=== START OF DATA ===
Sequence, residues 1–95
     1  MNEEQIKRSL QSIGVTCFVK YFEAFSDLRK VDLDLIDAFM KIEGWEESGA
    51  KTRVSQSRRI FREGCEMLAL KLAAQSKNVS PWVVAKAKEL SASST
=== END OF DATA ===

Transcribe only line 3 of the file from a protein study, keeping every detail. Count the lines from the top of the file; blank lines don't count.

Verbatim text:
    51  KTRVSQSRRI FREGCEMLAL KLAAQSKNVS PWVVAKAKEL SASST